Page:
Alongside this inadequate £500 scheme, the government has also said they will fine people £1000-£10,000 if they do not isolate when they should. However, there is no easy way to police who should and who should not isolate at any given time: most people who should be isolating will be asymptomatic or have very mild symptoms. If the government were serious about issuing these £1000 fines they would need a level of state surveillance significantly beyond anything that exists in the UK. There is no indication this is what they are planning and in any case, they would mostly be targeting people who could not afford to pay the fines!

Other European countries do not have this problem and do not have our death rates. This is in part because all other European countries have generous state run sick pay schemes, many of which pay full wages for periods of sickness. These were extended during the pandemic to include payment of normal wages for periods of isolation. When our European neighbours get symptoms they can stay at home without having to worry about eviction, paying the bills and putting food on the table. The UK’s SSP is the worst in the developed world by a long way. This latest gimmick does little to address the problem, but it is an admission by government that there is a problem. They have been forced to make this concession by workers’ campaigns. By campaigning at work and in our communities we can win much more: a levelling up for those 12 million workers to the same rights to sick and isolation pay as exist for many unionised workers.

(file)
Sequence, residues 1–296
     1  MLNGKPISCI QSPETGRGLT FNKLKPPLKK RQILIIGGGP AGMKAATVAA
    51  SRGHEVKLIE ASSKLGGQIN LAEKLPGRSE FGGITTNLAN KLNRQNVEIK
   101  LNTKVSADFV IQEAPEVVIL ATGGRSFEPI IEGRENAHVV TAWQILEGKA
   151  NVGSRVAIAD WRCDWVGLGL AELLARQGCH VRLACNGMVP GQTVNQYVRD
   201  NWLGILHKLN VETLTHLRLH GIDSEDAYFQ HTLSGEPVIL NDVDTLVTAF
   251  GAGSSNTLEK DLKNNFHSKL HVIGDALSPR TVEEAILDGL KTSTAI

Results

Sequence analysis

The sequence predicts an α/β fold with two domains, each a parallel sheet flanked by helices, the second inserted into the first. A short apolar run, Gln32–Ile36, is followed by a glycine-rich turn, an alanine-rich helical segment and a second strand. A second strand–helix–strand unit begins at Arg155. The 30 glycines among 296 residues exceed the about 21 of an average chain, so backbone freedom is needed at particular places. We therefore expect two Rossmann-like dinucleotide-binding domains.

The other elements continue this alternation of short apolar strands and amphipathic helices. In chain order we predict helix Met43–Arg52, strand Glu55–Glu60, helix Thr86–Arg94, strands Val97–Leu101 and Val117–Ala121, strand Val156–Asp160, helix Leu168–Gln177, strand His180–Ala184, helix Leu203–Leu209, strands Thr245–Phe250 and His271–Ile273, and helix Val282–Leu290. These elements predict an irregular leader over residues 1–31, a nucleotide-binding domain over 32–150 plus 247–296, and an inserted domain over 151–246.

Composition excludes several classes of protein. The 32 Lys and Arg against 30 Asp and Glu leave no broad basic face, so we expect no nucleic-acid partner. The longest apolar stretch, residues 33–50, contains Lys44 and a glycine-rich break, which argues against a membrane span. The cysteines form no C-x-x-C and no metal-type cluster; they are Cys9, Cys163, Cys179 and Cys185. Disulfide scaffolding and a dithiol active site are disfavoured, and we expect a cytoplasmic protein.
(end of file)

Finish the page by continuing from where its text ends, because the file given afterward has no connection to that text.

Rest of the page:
London Underground sick pay scandal

Reprinted courtesy of the Tubeworker blog

At the beginning of the pandemic, RMT won an agreement from TfL and cleaning contractor ABM that any cleaner who needed to self-isolate, or take time off sick due to Covid, would be paid in full. Normally cleaners only receive Statutory Sick Pay of £95.85 per week, well below their usual weekly rate and clearly not enough to live on. This agreement meant cleaners who had symptoms could afford to self-isolate, and wouldn’t have to drag themselves to work, putting themselves and others in danger, because they were worried about paying the bills.

That agreement has now been withdrawn. 

This is an absolutely scandalous move from penny-pinching bosses. Tube cleaners are absolutely on the frontline of confronting the pandemic, doing vital work to keep our stations, trains, depots, and offices clean. If they can’t afford to follow public health guidance and self-isolate when necessary, that represents a huge infection control risk that puts the cleaners themselves, other workers, and passengers in danger.

RMT is taking up the issue with ABM, TfL, and the Mayor. If ABM “can’t afford” to pay full sick pay, TfL should subsidise them. Although as an RMT report from January showed, ABM is making profits.